Resources: Blog Post

  
March 19, 2015

Sometimes success is letting someone else take the big shot

Ian's Morning Musing image I believe the best basketball player is Lebron James. In fact, an international friend of my son recently extended his stay in Toronto just to see James in person at the Air Canada Centre. Anyone watching the game between our Raptors and the Cleveland Cavaliers saw an amazing performance, not just from the number of points James scored, but the way in which he got his colleagues to engage and contribute.

In joining Cleveland last summer, James realized early in the season that the team was dysfunctional. Basketball shot

“Everyone wants to win, I would hope,” James said. “Would you rather play selfish basketball and lose, or play unselfish basketball and sacrifice and win? So you pick it.”

As remarkable as James is, he alone cannot win championships. He needs contributing team members and adapts to being subservient on any given night.

I’m reminded of a term first popularized in 1970: servant leader. This is someone who focuses primarily on the growth and well-being of people, and the communities to which they belong. Ask yourself how often do you hear a leader ask each of his team members, “What ?do you need from me to be successful?” Chances are your answer is, “Not enough.”

As I think about organizations, departments and teams, the ability to collaborate without concern as to where power and control reside, is central to success. In their new book, Leadership is Half the Story, our March presenters, Marc and Samantha Hurwitz, have recognized that partnerships and followership are equal, dynamic and different.

Whether on a basketball court, or in an office environment, our understanding of the specific challenge and how it should be addressed, is crucial. We need to feel comfortable taking the lead on occasion, and sometimes following another’s lead, depending upon the circumstances. In the CEO/CHRO relationship, I, at times, take the CEO’s lead and run with the plays. On other occasions, I set the direction and tone, and he follows that lead.

LeBron understands that he sets the tone, but others have to align and commit to that leadership path. Followership is not passive. It requires buy-in and guided action. Command and control do not generate followership. As the title of next week’s event suggests, “Leadership is half the story.”

A leader is one who travels the path carved out by him, and he leads himself onward on that path. If his path is good and his goals are desirable, many more may follow him in their desire to achieve the same goal. Hence, followership is the effect of leadership and not its cause.
– Awdhesh Singh

Whether in person, or on the webcast, don’t miss out on this discussion.
Register here


Filed under: followership, leadership, morning musing, upcoming event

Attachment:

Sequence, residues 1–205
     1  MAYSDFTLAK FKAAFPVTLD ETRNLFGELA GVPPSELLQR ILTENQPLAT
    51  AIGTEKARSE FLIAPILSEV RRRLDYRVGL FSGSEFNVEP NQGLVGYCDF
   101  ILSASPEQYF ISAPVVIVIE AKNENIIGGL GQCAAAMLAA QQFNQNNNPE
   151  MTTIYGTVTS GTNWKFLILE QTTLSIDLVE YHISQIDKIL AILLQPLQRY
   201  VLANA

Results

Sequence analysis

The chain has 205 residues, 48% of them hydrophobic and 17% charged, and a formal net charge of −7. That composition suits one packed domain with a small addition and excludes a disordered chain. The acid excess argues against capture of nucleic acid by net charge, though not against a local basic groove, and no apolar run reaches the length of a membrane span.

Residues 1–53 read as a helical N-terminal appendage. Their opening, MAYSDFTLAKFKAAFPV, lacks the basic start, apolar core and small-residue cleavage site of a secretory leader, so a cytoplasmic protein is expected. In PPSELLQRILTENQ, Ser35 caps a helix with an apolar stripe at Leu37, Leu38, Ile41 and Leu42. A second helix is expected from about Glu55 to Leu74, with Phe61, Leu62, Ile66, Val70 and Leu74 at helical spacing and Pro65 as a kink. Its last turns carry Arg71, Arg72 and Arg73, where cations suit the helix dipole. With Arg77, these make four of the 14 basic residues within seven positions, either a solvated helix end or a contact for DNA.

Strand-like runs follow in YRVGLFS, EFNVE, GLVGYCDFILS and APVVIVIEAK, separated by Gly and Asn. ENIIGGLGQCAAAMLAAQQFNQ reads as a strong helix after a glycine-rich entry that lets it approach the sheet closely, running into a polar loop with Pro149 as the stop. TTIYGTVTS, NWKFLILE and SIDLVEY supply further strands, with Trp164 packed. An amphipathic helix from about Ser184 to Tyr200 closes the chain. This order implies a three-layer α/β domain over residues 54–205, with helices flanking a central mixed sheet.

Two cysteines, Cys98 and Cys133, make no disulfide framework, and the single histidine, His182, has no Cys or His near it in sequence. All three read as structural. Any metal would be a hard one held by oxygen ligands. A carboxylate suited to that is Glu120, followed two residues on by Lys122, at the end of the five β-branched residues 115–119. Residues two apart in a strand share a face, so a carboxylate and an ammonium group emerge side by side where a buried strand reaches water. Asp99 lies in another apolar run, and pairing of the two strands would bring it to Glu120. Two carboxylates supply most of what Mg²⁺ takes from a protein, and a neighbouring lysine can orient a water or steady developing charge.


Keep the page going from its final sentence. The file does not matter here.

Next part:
Ian's Morning Musing image I believe the best basketball player is Lebron James. In fact, an international friend of my son recently extended his stay in Toronto just to see James in person at the Air Canada Centre. Anyone watching the game between our Raptors and the Cleveland Cavaliers saw an amazing performance, not just from the number of points James scored, but the way in which he got his colleagues to engage and contribute.

In joining Cleveland last summer, James realized early in the season that the team was dysfunctional. Basketball shot

“Everyone wants to win, I would hope,” James said. “Would you rather play selfish basketball and lose, or play unselfish basketball and sacrifice and win? So you pick it.”

As remarkable as James is, he alone cannot win championships. He needs contributing team members and adapts to being subservient on any given night.

I’m reminded of a term first popularized in 1970: servant leader. This is someone who focuses primarily on the growth and well-being of people, and the communities to which they belong. Ask yourself how often do you hear a leader ask each of his team members, “What ?do you need from me to be successful?” Chances are your answer is, “Not enough.”

As I think about organizations, departments and teams, the ability to collaborate without concern as to where power and control reside, is central to success. In their new book, Leadership is Half the Story, our March presenters, Marc and Samantha Hurwitz, have recognized that partnerships and followership are equal, dynamic and different.

Whether on a basketball court, or in an office environment, our understanding of the specific challenge and how it should be addressed, is crucial. We need to feel comfortable taking the lead on occasion, and sometimes following another’s lead, depending upon the circumstances. In the CEO/CHRO relationship, I, at times, take the CEO’s lead and run with the plays. On other occasions, I set the direction and tone, and he follows that lead.

LeBron understands that he sets the tone, but others have to align and commit to that leadership path. Followership is not passive. It requires buy-in and guided action. Command and control do not generate followership. As the title of next week’s event suggests, “Leadership is half the story.”

A leader is one who travels the path carved out by him, and he leads himself onward on that path. If his path is good and his goals are desirable, many more may follow him in their desire to achieve the same goal. Hence, followership is the effect of leadership and not its cause.
– Awdhesh Singh

Whether in person, or on the webcast, don’t miss out on this discussion.
Register here


Filed under: followership, leadership, morning musing, upcoming event
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